7 of 9 people found the following review helpful
A proper restoration is urgently needed for this masterpiece,
This review is from: The Man Who Knew Too Much (DVD)
THE MAN WHO KNEW TOO MUCH is one of the rare films that Hitchcock started to shoot without a finished script (please read the book by Bill Krohn, HITCHCOCK at WORK), and he allowed James Stewart and Doris Day to improvise certain scenes. The reslut is amaizing, and proves the tremendous talent of those two actors. The scene in which Stewart tells Day about the kidnapping of their son is a perfect example; Stewart who plays a doctor gives her tranquilizer pills before breaking the news! These rich details permit Hitchcock to go more deeper than a very well made thriller which the original 1930's version was. The subtle tension between the couple makes them more believable, real and likable, and makes this film more engaging and ultimately more rich and emotional, because you believe in them inspite of the extraorodinary situations they are in. It's one of the most perfect Hitchcock film.
In the making-of documentary of REAR WINDOW, restorationists Robert Harris and James Katz warn us about the horrible condition THE MAN WHO KNEW TOO MUCH. I guess they're right.
While the transfer of this DVD is quite descent, the film elements from which this DVD is made are not in the best of condition. It looks like everything that can be done on electronic-digital domain is done to make the film look as beautiful as possible, but certain things could be done only by working on the film elements themselves. Alreday in the credit sequence, you would notice that the yellow on the letters are practically gone.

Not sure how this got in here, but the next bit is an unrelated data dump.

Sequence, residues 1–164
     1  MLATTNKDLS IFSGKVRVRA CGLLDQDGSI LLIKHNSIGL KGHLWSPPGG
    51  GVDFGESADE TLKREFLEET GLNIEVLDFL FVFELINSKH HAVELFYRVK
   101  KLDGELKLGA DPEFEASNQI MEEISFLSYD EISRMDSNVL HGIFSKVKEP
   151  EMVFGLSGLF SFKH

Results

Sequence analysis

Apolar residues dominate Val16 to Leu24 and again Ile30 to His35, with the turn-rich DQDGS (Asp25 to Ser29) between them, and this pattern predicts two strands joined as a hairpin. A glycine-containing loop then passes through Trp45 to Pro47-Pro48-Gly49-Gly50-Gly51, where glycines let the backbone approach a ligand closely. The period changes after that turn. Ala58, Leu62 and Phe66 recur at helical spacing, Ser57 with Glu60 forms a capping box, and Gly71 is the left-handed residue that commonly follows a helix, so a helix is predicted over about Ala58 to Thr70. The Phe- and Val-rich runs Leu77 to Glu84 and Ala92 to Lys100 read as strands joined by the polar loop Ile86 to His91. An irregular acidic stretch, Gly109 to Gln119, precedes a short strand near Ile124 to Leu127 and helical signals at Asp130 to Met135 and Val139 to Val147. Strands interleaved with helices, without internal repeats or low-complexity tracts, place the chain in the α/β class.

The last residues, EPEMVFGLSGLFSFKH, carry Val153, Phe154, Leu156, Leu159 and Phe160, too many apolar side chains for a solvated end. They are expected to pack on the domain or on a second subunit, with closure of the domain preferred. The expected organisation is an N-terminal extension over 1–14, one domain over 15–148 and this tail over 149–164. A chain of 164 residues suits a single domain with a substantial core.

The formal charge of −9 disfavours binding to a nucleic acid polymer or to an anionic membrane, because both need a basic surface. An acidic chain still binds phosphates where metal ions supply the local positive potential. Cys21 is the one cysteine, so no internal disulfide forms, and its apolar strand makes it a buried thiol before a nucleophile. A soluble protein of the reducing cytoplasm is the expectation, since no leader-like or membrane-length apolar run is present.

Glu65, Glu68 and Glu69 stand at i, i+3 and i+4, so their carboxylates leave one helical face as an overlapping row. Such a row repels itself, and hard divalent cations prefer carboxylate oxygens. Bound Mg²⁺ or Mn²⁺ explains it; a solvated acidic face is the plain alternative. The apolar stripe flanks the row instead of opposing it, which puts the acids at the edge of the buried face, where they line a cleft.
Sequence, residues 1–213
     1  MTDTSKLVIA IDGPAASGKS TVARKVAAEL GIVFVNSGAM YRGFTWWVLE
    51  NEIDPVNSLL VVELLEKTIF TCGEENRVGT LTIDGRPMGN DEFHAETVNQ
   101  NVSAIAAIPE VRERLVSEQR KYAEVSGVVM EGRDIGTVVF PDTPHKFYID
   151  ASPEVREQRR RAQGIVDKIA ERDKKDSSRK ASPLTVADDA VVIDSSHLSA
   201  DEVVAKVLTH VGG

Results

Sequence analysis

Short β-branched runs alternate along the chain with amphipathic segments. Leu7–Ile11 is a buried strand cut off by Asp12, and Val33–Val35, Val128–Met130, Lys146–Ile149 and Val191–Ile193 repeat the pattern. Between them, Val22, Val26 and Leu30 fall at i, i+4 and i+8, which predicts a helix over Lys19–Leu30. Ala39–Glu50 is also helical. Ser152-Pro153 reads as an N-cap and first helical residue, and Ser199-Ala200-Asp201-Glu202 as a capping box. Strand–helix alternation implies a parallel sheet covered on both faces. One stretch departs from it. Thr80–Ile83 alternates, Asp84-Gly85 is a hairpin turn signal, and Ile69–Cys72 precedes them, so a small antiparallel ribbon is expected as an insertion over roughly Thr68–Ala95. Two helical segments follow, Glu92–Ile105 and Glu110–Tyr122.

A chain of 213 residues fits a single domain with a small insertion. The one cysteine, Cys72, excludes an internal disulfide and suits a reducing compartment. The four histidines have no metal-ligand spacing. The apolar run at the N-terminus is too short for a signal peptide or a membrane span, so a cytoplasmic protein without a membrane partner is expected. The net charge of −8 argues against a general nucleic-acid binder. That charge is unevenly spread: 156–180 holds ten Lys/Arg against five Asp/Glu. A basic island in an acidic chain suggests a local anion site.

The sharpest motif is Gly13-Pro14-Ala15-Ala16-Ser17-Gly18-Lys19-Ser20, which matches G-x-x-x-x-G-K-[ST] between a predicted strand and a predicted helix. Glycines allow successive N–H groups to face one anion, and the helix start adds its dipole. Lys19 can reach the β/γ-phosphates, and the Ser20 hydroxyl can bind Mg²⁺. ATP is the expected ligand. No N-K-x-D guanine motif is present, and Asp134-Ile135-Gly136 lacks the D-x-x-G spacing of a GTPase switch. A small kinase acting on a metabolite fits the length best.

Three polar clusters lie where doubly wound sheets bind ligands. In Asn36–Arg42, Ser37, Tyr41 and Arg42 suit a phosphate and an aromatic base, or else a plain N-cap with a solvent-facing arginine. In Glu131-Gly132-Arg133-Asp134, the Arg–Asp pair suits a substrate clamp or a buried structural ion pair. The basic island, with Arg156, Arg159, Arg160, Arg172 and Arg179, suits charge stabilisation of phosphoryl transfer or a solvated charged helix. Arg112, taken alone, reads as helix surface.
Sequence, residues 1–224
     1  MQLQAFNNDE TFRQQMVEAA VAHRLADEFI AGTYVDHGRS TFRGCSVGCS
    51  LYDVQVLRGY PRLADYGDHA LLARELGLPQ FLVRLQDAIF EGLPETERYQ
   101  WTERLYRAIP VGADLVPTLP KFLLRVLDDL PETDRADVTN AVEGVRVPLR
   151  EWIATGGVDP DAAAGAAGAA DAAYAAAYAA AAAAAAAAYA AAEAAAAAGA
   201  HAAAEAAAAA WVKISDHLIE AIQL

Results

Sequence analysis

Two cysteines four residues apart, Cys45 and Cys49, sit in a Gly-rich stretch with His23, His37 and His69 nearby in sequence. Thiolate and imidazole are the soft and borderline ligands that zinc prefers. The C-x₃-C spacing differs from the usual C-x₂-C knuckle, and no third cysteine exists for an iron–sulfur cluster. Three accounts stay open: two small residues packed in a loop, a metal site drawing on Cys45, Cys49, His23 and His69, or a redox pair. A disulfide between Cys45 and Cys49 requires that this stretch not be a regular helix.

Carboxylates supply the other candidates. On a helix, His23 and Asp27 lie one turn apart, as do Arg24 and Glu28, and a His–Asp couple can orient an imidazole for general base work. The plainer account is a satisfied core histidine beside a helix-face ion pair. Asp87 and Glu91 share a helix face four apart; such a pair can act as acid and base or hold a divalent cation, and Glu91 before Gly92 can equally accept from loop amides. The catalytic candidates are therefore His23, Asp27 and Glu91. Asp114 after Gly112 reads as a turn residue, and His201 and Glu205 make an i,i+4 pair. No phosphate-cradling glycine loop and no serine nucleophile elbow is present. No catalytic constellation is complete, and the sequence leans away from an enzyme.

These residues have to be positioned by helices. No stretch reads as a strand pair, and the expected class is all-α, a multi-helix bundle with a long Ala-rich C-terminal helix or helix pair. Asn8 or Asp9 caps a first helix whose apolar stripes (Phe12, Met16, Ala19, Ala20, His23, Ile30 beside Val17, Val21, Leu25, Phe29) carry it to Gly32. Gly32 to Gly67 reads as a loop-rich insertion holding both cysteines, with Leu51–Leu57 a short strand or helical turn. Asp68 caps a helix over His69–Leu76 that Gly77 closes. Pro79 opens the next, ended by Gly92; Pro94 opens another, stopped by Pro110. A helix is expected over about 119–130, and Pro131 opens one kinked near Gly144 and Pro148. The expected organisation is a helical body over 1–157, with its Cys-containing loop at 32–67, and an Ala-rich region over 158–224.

More problems occurs on the composite shot done by back projection. They simply look, well, composite images, because they have badly faded. Now, Hitch and his regular cinematographer Bob Burks were masters of this illusionary technic. They would have not allowed the screen-processed scenes look as bad as this. Their magic of combining location footage (here, a lot of great shots from Morocco and London) hurts terribly because of the time that has passed.
Judging from the opening logo which is an Universal one, it is obvious that this transfer was created from the early 80's re-release version. Originally, the film should have a Paramanount logo followed by the VistaVision logo (which itself looks great; I love that). I only hope that the original camera negatives and other film elements stay in a much better shape than this. And I do hope that Universal would ask Harris and Katz or somebody to do something about resucuing this masterpiece from being completely lost.
For those who love the music of Bernard Herrmann as much as the films of his best partner Hitchcock, you can see the great master realising the dream of his life---to become a concert conductor; he is the conductor at the climatic Albert hall concert scenes.